New-build solar and wind could outcompete most existing fossil fuels by 2025, NextEra Energy executives have predicted even as they described storage-only ventures as a worthy venture.
Jim Robo, chair and CEO of the energy giant, shared the firm’s bullish outlook on renewable project economics as he spoke on a recent conference call discussing its full-year financial results.
Predicting lower prices for new near-firm wind (US$20-30/MWh) and solar (US$30-40/MWh) by 2025, Robo added: “At these prices, new near-firm renewables will be cheaper than the operating costs of most existing coal, nuclear and less fuel efficient oil and gas-fired generation units.”
The remarks came as results for NextEra Energy Resources, its flagship development arm, showed the unit commissioned 2.7GW across all renewables last year. Between January and December, the firm claims to have amassed a PV, wind and battery project backlog of 5.8GW.
According to NextEra, 1.6GW of the full-year 5.8GW backlog boost was added between October and December alone. This last-minute surge included 770MW of new solar and 340MW of new battery storage, the firm said, noting that the latter will be fully collocated alongside solar.
NextEra used the financial update to offer a timetable for solar plays through 2022 and beyond. The firm claims to have signed 1.4GW worth of 2019-2020 solar contracts (out of the 1-2.5GW it was expecting), coupled with 2.9GW for 2021-2022, compared to 2.8GW-4.8GW expectations.
GAAP net income drops as shares rally
NextEra’s backlog bump came as its Energy Resources unit posted GAAP-based net income of US$1.8 billion for 2019, down from US$4.7 billion in 2018. The decline extended to the entire NextEra group, with GAAP net income dropping from 2018 (US$6.6 billion) to 2019 (US$3.7 billion).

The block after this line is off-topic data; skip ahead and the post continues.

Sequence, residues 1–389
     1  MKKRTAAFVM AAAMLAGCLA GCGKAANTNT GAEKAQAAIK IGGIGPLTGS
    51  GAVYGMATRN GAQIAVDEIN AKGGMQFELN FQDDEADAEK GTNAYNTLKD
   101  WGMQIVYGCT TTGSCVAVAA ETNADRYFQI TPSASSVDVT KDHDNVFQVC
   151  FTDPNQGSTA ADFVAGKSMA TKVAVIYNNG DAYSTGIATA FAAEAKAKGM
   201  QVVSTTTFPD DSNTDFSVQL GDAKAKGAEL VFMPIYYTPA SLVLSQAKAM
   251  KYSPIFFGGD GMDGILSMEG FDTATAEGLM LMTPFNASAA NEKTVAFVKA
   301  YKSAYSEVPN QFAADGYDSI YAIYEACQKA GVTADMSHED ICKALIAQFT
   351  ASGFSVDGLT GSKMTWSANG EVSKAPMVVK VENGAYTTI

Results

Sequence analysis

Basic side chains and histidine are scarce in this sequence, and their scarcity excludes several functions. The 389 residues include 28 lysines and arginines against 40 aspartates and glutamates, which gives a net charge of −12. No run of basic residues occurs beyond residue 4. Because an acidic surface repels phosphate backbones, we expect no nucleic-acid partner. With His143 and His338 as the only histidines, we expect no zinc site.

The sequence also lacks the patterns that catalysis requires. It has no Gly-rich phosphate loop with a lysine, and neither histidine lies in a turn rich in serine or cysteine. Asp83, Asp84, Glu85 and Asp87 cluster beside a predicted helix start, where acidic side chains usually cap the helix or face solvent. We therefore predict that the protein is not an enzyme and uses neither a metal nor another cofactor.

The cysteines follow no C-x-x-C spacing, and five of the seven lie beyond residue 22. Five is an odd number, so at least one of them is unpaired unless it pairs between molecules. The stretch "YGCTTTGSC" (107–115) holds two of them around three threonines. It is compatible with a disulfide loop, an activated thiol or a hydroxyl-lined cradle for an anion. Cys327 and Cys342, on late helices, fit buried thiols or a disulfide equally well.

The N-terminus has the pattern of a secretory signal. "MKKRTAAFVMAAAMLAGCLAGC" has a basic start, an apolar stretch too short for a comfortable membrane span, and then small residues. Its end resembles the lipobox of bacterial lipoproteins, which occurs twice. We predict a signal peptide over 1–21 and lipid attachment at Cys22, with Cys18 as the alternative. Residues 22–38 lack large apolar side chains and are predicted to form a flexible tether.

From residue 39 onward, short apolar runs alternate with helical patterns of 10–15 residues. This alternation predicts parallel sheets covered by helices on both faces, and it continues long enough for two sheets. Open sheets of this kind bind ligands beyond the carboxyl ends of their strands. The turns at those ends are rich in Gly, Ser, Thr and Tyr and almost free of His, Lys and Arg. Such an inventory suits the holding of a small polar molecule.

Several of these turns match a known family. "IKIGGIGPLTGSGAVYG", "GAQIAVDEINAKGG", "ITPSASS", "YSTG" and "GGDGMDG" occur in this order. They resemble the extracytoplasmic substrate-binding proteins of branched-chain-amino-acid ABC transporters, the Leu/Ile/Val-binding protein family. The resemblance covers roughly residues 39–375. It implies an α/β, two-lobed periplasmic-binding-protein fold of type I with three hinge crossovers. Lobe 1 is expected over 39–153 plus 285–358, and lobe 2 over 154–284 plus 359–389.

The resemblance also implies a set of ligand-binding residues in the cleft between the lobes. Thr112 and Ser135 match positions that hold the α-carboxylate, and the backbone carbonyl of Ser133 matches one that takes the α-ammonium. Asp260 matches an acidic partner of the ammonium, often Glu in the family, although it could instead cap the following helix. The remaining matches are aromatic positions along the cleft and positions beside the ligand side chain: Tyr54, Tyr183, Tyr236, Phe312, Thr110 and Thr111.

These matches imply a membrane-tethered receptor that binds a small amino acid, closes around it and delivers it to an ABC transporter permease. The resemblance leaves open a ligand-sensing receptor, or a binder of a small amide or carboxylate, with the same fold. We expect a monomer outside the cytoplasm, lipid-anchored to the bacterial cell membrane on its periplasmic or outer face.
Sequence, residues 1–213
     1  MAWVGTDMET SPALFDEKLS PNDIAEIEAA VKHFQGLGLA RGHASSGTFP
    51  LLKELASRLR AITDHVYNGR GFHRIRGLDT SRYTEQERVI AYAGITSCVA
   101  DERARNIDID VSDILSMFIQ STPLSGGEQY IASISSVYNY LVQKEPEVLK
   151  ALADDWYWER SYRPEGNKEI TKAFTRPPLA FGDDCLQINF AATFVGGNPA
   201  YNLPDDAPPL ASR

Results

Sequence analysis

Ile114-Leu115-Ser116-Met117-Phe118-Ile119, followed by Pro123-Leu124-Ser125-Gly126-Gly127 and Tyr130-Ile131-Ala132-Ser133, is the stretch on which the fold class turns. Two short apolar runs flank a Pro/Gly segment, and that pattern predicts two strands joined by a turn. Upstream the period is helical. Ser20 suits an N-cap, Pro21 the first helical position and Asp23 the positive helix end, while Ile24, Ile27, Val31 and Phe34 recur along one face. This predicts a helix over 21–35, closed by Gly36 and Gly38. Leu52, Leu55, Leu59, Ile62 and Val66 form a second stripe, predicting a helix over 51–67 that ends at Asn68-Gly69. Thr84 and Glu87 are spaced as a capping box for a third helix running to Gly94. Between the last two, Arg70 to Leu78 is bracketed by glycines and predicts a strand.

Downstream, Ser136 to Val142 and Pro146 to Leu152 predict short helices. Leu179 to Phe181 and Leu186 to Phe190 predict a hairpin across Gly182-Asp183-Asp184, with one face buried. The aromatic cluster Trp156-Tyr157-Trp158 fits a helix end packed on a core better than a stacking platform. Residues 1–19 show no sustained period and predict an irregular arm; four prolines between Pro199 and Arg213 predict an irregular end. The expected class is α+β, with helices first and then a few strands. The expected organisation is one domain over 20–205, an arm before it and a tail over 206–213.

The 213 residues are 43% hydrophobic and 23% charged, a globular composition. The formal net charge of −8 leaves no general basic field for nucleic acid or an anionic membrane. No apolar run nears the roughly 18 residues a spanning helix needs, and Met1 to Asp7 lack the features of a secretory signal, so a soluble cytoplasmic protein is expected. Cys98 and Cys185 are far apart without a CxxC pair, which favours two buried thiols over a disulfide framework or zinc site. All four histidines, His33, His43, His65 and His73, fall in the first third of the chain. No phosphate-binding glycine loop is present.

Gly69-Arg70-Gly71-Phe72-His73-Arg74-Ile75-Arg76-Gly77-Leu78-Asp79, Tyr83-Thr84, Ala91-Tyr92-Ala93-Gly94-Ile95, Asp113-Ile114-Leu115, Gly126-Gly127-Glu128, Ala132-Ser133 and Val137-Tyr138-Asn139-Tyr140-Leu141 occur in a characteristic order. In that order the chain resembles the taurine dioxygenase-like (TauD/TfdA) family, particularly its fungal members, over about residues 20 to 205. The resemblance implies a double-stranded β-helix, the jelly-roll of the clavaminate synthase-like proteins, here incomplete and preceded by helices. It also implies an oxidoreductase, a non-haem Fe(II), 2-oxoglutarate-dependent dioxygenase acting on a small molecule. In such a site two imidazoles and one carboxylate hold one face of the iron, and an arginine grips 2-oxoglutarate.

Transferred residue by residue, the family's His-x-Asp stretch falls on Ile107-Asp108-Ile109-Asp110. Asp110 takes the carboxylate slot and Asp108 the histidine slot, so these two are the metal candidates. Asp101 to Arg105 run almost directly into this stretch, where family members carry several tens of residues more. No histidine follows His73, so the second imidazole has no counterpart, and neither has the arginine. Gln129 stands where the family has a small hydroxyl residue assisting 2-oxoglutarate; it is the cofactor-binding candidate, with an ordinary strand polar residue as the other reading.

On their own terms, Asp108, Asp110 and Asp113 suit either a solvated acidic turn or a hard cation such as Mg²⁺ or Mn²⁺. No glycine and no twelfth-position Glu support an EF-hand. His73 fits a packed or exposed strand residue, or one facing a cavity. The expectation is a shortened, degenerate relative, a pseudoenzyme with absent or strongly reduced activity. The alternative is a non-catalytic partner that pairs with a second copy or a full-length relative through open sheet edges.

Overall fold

The firm claimed using a non-GAAP metric – what it described as adjustable earnings – revealed instead a 2018-to-2019 jump for the NextEra group, from US$3.67 billion to US$4 billion. NextEra said it believes the metric offers a “more meaningful representation” of its earnings power.
The wider market appeared to endorse NextEra’s claims of a financially sound 2019. When trading ended last Friday, the firm’s shares on New York exchange had rallied to a 52-week peak of US$264.08, according to a statement by the trading venue.
The firm’s update extended to its Florida Power & Light (FPL) subsidiary, which is working on a “30 by 30” plan to install 30 million solar panels (a 10GW pipeline all in all) across the US state by 2030. Over 2019, the firm completed the 74.5MW Okeechobee solar complex.
Further Florida developments are “progressing well”, said NextEra CFO Rebecca Kujawa. Construction of a 750MW pipeline across ten projects is “on track and on budget” to start supplying FPL customers in early 2020, added Kujawa, who is also an executive VP.
Another of the group’s Florida-based subsidiaries – utility Gulf Power, which may merge with FPL in the future – is too working to deliver its own solar debut. The so-called Indigo Solar Energy Center, boasting some 75MW in capacity, should go online later in Q1 2020.
Storage, a business ‘in its own right’
NextEra’s update gave ample evidence of the central role energy storage is set to play in the firm’s portfolio going forward.
As CEO Jim Robo noted, over 50% of all solar capacity added to the project pipeline in 2019 features a battery element. “The current backlog has more than 2,000 megawatts of trifecta projects that combine wind, solar and battery storage together,” the executive added.
NextEra’s separate timetables for energy storage show its portfolio will sharply rise between 2019-2020 (22MW signed where 50-150MW is expected) and 2021-2022 (591MW signed, 650-1,250MW forecasts). Post-2020, the firm claims to have signed deals for 786MW of storage.
The firm, Robo anticipated, may follow by embracing storage even more decisively. “We also increasingly see storage as an important stand-alone business in its own right as we are reviewing a number of opportunities to add storage to our existing solar sites,” the executive said.